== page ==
By Melissa Baffa, Cohort XVII, President, VCLA Board of Directors
Seven years ago, I was a member of Cohort XVII. It was during our session on education that our director asked for volunteers for the position of cohort representative. It sounded like a fantastic opportunity, but I was afraid to raise my hand. I would need to be elected by these fellow cohort members I was just getting to know. The last time I had run for anything was in high school, and I lost that election pretty badly. Being the cohort rep would mean attending the organization’s monthly board meetings, reporting out on our progress, and offering feedback. It would mean speaking at graduation and the annual luncheon. Public speaking. Yikes!
It was precisely because it frightened me that I ended up raising my hand that day. Much to my surprise, I was selected.
Doing the Things that Scare You
At that time, I had only the inkling of a philosophy that would come to shape the rest of my life. It was to seek out and to do the things that scared me the most. Since that fateful day in 2011, I have repeatedly volunteered for the things that scare me. I will be honest in that I have not succeeded every time, but each time, I have learned something valuable.
Three years ago, when I saw an application for a fellowship that would take me to sea aboard a scientific vessel, where I would live and work somewhere in the Eastern Pacific Ocean (where to be determined), for a period of 1 to 3 weeks (again, to be determined once/if I was accepted), it scared the heck out of me. I’d be handling communications, serving as a bridge between the expedition and my community when not aboard, and bridging to the entire world when I was! Voices of doubt and insecurity cried out as I read the application guidelines, and considered whether I actually had the guts to submit one. What if I applied, and was not selected? What if I was too old, not smart enough, not interesting enough? What if I didn’t have the right education? What if I didn’t have the right experience? What if I didn’t adjust well to life at sea; what if I suffered from seasickness, or homesickness? What if I was just bad at it?
Added to all this self-doubt was the slight complication that applications were due in only two days. Could I seriously put something together in such a short amount of time? Yes, I was scared. But I took a deep breath, quelled those naysayers clanging in my head, and got to work on my application. It was precisely because I was scared that I had to do it.
In a few days, I will be sailing on the E/V Nautilus for the third time. Long story short, I was selected with that first application. I had an amazing time, traveling to the Galapagos Islands, checking things off my bucket list, and getting to know amazing people from all over the world who were also part of this Corps of Exploration. I applied again in 2016 to be a Lead Science Communication Fellow, and explored the ocean right off our own Southern California coast. Once again, it was an amazing experience, although different in many respects from the first voyage. I suffered more from seasickness the second time around, and the nonstop schedule made me really, really tired at times. But what I gained from it far outweighed any discomfort or homesickness or seasickness that I might have suffered from.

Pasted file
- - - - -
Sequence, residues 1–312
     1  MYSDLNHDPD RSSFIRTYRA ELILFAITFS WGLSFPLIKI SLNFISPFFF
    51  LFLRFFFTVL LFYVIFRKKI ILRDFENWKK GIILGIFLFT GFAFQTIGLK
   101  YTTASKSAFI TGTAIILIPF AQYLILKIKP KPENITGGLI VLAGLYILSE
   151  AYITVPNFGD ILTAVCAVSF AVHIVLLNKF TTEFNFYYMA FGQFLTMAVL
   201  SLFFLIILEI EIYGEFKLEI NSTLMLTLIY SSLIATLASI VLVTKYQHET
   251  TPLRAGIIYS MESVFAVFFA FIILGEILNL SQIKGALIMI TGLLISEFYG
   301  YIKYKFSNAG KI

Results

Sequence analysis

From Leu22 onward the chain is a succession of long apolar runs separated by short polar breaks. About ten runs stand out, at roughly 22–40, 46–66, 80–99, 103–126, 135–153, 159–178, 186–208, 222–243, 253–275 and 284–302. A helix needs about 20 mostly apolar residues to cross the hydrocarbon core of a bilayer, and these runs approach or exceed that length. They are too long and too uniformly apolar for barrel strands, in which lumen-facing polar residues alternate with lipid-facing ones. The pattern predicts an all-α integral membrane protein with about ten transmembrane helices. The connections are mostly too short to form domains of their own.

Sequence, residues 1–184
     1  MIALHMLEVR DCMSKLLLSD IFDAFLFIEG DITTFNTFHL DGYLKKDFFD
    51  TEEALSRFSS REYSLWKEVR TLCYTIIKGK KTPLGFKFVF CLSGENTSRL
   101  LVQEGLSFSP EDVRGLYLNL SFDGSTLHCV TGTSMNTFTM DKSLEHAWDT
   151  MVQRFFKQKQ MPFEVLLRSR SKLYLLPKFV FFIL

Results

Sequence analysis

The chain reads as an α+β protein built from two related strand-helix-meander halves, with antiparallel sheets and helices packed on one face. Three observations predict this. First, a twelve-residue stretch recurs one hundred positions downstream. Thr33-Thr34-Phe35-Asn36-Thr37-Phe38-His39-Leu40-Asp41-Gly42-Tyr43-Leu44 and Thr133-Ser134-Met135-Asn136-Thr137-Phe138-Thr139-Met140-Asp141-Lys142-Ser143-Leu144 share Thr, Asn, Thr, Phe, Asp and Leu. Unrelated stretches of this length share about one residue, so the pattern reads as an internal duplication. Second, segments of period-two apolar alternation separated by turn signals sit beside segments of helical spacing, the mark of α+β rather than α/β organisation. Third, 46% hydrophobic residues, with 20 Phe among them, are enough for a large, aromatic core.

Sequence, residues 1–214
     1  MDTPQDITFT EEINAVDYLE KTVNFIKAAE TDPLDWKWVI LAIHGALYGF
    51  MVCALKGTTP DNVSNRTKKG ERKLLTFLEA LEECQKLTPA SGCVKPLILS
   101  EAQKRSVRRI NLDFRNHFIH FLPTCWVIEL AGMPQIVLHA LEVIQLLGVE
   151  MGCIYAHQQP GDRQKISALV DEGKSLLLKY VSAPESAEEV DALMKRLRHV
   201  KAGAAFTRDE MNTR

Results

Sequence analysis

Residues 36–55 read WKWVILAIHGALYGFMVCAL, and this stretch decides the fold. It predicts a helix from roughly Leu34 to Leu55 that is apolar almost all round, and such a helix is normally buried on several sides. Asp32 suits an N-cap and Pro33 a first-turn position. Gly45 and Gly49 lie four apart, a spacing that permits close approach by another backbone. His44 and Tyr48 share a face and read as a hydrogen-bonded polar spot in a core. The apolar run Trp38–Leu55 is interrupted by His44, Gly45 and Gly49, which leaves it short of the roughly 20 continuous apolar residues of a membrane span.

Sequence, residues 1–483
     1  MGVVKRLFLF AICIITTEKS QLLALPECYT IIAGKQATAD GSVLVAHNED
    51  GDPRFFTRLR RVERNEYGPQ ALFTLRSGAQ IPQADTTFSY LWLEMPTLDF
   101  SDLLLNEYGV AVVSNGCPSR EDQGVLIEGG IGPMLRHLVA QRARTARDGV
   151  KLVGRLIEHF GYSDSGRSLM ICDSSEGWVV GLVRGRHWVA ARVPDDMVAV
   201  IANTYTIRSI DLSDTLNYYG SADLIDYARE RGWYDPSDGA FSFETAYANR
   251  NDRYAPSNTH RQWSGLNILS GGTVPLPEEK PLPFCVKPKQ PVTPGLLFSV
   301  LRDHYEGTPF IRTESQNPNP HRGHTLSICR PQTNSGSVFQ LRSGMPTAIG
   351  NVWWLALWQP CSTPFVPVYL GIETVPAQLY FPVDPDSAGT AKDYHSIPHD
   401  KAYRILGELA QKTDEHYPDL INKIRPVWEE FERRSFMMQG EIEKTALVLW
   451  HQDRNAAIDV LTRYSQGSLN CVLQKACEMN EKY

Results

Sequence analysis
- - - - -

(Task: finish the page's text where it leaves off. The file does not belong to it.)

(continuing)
Stepping Out of the Comfort Zone
Since shyly raising my hand in response to the call for cohort representative, I have done this amazing thing, as well as a few others that also scared the heck out of me. This is why: in the space between “could I really do that?” and “I can’t believe I did that!” is where growth lies. When we challenge ourselves to step out of our comfort zone, we embrace an opportunity to grow and change and become better: as people, as partners and parents, as employees and employers, and as leaders in our community. Our comfort zone is what keeps us glued to the couch and stuck in a rut. It’s only by shaking things up, by challenging ourselves, by doing the things that scare us that we break out of old patterns.
I am very thankful for my participation in the Ventura County Leadership Academy seven years ago. Not only did I learn valuable information about our county, but I acquired leadership training that helped me to grow and step up to lead in my community. Our alumni take the knowledge and the skills they acquire through VCLA, and fashion a whole new world out of them. What would you like to change, if you could?
About the Author
Melissa Baffa, the President of the Board of Directors of VCLA, serves as the Development Officer in charge of Foundation and Corporate Relations at the Santa Barbara Museum of Natural History and as an instructor with the Osher Lifelong Learning Institute at California State University, Channel Islands.
Since 2015, she has been a Science Communication Fellow with the Ocean Exploration Trust, exploring the deep sea as part of Dr. Robert Ballard’s Corps of Exploration. Melissa will serve as the Lead Science Communication Fellow (SCF) aboard the E/V Nautilus from October 20-November 1, 2018; the expedition will occur within the boundaries of the Monterey Bay National Marine Sanctuary, focusing on the exploration of the volcanic features of Davidson Seamount and the surrounding region. Visitors to Nautilus Live will be able to participate in the exploration in real time and submit questions; part of the duties of an SCF on watch is to moderate the discussion during exploration, integrating the questions submitted by viewers around the globe.